Insights + Resources

October 3, 2019

Handle with care: owner drivers get new protections

The Victorian Parliament has passed amendments to the Owner Drivers and Forestry Contractors Act, creating new protections for gig economy workers transporting goods. The move marks a new tack taken by legislators looking to provide regulatory oversight for gig economy workers that remain classified as contractors instead of employees.


The Owner Drivers and Forestry Contractors Act (‘Act’) was originally passed to create obligations on hirers and freight brokers to provide rates and costs schedules to contractors (e.g. in the forestry sector) to assist with income planning.

The amendments to this Act passed on 17 September 2019 significantly broaden the application of the Act. Under the amended Act, a freight broker is “a broker or agent in the business of procuring or arranging the engagement of contractors by hirers, including a person who provides an online platform that facilitates [this]” (emphasis added). This brings any worker who transports “freight” for work under the operation of the Act.

Critically, this includes drivers and bicycle riders operating in the so-called “gig economy” who transport food or other goods for disruptive digital intermediaries (‘DDIs’) like UberEats, Deliveroo, DoorDash and EASI. It does not, however, include drivers who offer ride-sharing services for the carriage of people, engaged by organisations such as Uber, Ola, Bolt or Didi.

The amendments also include the following new requirements designed to benefit drivers:

  • Hirers must pay owner drivers within 30 days of receiving an invoice, unless otherwise agreed.
  • Hirers must provide a minimum termination notice period of one month, or three months for owners of heavy vehicles weighing more than 4.5 tonnes.
  • Hirers must only enter into contracts with owner drivers which specify rates of pay, guaranteed hours of work and the above minimum notice periods in respect of termination.

Remedies for non-compliance

Where hirers fail to comply with the above requirements, owner drivers may take disputes to the Victorian Small Business Commission (‘VSBC’), which can produce binding arbitral determinations.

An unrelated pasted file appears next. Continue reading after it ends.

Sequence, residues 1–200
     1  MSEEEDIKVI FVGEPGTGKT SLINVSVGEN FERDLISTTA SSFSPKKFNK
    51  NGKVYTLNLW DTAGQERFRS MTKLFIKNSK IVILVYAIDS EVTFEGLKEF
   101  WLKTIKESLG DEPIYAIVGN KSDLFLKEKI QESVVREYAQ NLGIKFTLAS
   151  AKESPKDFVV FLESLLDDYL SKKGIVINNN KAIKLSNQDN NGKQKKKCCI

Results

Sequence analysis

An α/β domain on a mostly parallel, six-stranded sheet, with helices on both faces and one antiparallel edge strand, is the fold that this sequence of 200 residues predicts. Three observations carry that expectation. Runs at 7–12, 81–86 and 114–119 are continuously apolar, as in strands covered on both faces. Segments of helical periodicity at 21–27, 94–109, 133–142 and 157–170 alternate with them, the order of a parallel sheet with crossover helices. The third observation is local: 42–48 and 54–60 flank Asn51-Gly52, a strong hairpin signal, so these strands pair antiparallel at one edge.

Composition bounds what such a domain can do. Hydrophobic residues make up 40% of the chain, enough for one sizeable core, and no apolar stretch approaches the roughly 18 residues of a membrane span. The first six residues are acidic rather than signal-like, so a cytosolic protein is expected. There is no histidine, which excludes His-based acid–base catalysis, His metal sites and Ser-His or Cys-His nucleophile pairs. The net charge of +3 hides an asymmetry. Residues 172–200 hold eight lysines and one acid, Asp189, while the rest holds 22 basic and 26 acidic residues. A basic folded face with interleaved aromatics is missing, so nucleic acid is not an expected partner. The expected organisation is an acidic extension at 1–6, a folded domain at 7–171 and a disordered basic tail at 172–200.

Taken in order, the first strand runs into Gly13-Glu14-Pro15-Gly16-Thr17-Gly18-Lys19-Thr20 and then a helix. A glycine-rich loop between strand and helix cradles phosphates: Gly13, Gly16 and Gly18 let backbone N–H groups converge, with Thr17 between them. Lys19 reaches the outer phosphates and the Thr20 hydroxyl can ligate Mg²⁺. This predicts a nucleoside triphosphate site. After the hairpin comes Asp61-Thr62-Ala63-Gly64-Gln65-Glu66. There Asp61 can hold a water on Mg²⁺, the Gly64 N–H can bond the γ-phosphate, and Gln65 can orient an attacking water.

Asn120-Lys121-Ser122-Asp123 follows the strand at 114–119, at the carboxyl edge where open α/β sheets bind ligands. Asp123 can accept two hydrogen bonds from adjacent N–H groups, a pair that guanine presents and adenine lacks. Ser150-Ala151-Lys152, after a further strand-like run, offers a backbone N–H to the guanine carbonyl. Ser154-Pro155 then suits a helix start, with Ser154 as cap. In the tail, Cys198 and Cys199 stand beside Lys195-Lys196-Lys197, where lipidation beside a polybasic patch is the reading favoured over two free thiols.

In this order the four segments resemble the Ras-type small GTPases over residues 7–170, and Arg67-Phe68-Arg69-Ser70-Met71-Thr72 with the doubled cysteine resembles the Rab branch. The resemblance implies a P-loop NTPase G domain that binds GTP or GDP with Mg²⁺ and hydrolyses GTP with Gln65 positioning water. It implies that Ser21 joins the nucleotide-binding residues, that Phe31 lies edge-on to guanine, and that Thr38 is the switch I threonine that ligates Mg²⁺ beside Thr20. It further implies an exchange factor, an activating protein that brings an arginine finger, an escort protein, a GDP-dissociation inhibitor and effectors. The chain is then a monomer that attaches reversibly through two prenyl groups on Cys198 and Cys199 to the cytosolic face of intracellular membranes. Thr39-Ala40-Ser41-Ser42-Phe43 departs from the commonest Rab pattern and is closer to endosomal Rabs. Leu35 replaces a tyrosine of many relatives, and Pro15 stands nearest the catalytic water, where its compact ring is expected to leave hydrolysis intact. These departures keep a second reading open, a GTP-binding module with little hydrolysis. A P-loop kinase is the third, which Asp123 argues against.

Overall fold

The amendments have also increased maximum penalties across the board, although the penalty for most offences and contraventions of the Act are still relatively low at 25 penalty units, or $4,130.50. The only exceptions are offences relating to breaching confidentiality and producing false and misleading documents, which go as high as 100 penalty units, or $16,522.

The Employee-Contractor debate

The legal classification of gig economy workers has inspired debate around the world for nearly a decade. These individuals typically provide services for DDIs such as Uber Eats. If these individuals are classified as employees, their employers would be liable to pay employment benefits like workers compensation or notice for termination. If they are classified as contractors, as DDIs argue they should be, workers are not entitled to these benefits. In June 2019, the Fair Work Ombudsman published a report explaining its decision against seeking classification of Uber drivers as employees of Uber Australia, suggesting that gig economy workers are, legally, contractors. However, the Ombudsman’s report is not a binding statement of law and the debate continues both in Australia and overseas jurisdictions like California, which recently passed Assembly Bill 5, creating a more stringent test for contractor relationships.

The amendments to the Act in Victoria give contractors protections that are typical of employment relationships, such as minimum termination notice periods. The amendments are an innovative way of using the existing legal concept of owner drivers to bolster protections for contractor gig workers in Victoria. Although they only apply to contractors who transport “freight”, they extend employee-typical protections such as minimum notice periods for termination.

Broader significance

The amended Act is likely to have growing significance as Australians embrace receiving delivery of products and services through the gig economy. Deloitte’s ‘Future of Food’ report states that online food delivery services generated USD 939 billion in Australia online and predicted this number to continue growing.

More broadly, legislation like the Owner Drivers and Forestry Contractors Act may be extended to include the carriage of people or other categories of gig work. The amendments, which were easily annexed to existing legislation that primarily targeted specialised contractor “transporters”, may be interpreted as the first of a raft of legislative changes. If such a broad legislative regime was to be passed, the impact on workers in Australia would be significant. Uber Australia currently engages approximately 100,000 contractors across its entire business, comprising a sizeable chunk of the Australian workforce.

Concluding remarks

As the employee-contractor debate rages on, the Owner Drivers and Forestry Contractors Act amendments are an innovative way of providing protections to gig workers. For now, the amendments only protect drivers carrying freight in Victoria. Time will tell if similar legislation is proposed that will bring these protections to a broader spectrum of the gig economy workers in Australia.

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